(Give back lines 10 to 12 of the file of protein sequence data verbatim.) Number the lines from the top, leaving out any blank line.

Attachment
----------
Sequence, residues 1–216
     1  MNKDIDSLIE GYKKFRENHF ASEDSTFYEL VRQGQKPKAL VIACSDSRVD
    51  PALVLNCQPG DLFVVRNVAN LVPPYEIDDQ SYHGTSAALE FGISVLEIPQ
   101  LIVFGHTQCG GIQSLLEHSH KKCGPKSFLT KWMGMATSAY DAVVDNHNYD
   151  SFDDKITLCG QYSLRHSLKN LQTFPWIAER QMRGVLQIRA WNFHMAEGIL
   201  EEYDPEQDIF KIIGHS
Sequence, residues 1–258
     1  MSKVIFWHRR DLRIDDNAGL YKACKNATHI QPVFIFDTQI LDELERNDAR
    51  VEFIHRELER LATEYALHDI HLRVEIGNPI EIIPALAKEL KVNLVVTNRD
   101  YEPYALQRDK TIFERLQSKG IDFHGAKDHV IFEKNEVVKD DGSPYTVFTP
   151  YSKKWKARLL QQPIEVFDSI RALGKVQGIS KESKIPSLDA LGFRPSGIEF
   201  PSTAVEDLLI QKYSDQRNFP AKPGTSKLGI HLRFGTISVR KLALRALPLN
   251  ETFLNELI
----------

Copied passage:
   101  YEPYALQRDK TIFERLQSKG IDFHGAKDHV IFEKNEVVKD DGSPYTVFTP
   151  YSKKWKARLL QQPIEVFDSI RALGKVQGIS KESKIPSLDA LGFRPSGIEF
   201  PSTAVEDLLI QKYSDQRNFP AKPGTSKLGI HLRFGTISVR KLALRALPLN